Prince George Transit System

Ridership: 1,943,921 (up 16.8%)

Costs & Funding: The total cost to run the service last fiscal was $6.73 M. Funding for the system came from transit fares ($1.84M or 27.3 percent), provincial funding ($3.19M or 47.4 percent), property taxes ($1.69M or 25.1 percent), and bus advertising ($0.01M or 0.15 percent).

1 Costs reflect additional municipal costs incurred by municipally-run transit system and not included in Annual Operating Agreement.

FUNDING

Providing local transit service is made possible through a partnership with local governments and the Province of British Columbia through BC Transit.

Funding sources include customer fares, property taxes, fuel tax and advertising.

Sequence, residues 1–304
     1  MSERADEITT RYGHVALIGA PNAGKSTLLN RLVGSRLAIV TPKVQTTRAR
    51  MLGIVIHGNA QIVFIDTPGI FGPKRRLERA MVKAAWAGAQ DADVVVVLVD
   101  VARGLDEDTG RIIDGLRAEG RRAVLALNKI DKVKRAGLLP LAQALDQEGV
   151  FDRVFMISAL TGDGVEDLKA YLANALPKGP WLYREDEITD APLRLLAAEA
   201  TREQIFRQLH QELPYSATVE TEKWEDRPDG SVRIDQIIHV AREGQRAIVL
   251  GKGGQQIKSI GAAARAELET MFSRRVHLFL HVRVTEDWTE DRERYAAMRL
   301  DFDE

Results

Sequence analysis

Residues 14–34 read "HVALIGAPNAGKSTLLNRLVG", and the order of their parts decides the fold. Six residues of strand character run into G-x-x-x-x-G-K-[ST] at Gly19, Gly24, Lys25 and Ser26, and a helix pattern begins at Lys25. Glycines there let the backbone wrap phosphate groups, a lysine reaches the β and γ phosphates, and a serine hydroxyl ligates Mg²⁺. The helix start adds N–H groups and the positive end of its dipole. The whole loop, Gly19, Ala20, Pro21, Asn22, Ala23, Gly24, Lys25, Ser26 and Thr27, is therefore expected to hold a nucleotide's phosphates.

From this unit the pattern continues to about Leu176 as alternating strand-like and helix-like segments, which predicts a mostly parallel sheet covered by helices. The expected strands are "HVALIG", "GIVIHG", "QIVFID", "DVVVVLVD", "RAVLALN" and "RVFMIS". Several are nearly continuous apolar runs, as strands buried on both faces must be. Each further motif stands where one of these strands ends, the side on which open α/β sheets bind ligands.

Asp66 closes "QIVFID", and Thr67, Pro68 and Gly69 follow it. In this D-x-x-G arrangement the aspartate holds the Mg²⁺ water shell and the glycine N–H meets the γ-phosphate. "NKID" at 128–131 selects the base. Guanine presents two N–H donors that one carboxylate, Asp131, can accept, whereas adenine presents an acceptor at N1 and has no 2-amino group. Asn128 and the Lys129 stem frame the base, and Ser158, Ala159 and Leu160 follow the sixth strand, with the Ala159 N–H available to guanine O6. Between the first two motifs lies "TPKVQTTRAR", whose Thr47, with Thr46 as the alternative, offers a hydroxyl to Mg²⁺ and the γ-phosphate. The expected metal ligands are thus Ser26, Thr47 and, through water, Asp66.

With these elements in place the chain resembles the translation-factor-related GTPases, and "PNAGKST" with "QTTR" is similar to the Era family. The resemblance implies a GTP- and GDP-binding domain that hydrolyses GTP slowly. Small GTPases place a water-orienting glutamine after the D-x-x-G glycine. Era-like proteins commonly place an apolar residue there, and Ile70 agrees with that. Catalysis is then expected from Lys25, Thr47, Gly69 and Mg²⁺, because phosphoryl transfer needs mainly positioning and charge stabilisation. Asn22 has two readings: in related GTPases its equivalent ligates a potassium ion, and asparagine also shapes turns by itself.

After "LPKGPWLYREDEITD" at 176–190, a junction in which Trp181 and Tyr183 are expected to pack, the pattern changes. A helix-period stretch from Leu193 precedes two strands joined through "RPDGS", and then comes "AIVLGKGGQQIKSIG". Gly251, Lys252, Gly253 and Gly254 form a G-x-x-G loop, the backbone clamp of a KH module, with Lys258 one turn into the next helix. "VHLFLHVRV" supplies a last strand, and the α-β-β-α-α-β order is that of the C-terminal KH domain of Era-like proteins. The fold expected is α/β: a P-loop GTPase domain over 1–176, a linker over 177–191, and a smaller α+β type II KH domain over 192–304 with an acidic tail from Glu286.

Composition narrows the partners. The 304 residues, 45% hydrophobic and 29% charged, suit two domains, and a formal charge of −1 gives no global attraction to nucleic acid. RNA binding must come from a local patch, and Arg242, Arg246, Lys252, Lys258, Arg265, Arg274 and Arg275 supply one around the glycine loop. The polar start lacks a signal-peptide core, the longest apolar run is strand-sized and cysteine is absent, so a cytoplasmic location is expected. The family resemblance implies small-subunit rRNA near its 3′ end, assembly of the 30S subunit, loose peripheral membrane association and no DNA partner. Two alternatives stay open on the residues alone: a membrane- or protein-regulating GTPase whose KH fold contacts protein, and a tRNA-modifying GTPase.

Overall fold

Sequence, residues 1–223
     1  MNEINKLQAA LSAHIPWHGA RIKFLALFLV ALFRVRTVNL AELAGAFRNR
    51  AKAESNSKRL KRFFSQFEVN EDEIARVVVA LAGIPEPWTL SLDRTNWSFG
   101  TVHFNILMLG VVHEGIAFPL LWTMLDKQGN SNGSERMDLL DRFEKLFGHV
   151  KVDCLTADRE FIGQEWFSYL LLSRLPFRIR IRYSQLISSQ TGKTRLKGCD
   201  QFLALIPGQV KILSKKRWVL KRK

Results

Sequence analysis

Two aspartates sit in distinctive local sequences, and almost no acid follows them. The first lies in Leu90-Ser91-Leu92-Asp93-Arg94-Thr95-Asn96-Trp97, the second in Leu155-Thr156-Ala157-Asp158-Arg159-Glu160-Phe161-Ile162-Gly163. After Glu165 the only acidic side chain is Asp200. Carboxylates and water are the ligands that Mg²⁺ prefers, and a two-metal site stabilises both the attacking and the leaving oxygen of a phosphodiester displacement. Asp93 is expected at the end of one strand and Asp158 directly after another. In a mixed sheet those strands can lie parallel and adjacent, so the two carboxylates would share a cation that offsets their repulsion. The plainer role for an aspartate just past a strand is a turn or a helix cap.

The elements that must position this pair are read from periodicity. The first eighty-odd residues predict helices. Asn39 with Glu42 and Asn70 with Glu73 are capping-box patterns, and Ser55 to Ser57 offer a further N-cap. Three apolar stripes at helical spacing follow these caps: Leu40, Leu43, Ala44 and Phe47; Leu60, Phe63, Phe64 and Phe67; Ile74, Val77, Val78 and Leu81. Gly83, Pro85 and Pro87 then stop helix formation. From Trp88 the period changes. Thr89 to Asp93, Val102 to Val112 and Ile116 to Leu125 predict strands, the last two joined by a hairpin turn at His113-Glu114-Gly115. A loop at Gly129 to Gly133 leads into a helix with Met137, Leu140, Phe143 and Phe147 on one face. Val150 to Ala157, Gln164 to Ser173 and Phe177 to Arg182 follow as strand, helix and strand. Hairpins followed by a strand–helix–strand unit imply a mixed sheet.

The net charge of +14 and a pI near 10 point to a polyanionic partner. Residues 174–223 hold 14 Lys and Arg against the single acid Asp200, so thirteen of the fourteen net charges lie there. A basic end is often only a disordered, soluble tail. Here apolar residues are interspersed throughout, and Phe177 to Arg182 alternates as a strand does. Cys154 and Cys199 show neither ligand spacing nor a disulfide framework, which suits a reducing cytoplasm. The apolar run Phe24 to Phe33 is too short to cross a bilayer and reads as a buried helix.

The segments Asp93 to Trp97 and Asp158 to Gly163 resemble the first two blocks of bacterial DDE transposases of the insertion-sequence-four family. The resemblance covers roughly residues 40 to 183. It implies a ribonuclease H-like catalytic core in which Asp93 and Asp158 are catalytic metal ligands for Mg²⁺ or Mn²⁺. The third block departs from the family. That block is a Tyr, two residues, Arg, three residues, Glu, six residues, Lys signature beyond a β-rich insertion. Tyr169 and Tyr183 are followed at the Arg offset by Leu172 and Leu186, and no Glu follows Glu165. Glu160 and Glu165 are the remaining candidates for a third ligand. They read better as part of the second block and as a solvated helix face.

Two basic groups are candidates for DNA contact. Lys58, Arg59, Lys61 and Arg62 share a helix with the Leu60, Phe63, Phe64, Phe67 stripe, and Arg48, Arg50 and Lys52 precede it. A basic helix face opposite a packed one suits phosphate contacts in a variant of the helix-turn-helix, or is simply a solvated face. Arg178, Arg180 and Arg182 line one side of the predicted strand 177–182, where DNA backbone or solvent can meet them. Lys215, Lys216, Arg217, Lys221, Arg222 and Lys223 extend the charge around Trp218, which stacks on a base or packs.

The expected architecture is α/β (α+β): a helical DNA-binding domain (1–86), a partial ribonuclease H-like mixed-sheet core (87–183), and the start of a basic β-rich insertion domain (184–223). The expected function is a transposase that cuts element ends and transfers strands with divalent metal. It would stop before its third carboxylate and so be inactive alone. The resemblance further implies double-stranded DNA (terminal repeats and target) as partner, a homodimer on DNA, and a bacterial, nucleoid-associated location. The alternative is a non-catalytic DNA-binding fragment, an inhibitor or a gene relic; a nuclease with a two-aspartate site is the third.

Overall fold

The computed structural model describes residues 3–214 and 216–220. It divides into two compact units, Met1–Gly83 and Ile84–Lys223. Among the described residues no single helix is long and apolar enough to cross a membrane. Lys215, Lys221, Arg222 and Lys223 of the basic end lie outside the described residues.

Total provincial contributions, which include operating and amortization of deferred capital grants, have increased from $93,129,000 to $114,100,000.

The respective local government agencies contributed $66,793,000, up from $60,840,000 in the previous year (combined with fuel tax).

Revenue from customer fares, advertising and investments increased from $64,884,000 to $68,531,000.

ABOUT BC TRANSIT

BC Transit is the provincial Crown agency charged with coordinating transportation systems throughout British Columbia outside of Metro Vancouver.

The corporation is governed by a seven-member Board of Directors appointed by the Province according to criteria specified in the British Columbia Transit Act. The Board of Directors, through the Chair, reports to the Minister of Transportation and Infrastructure (designated as the Minister responsible for BC Transit).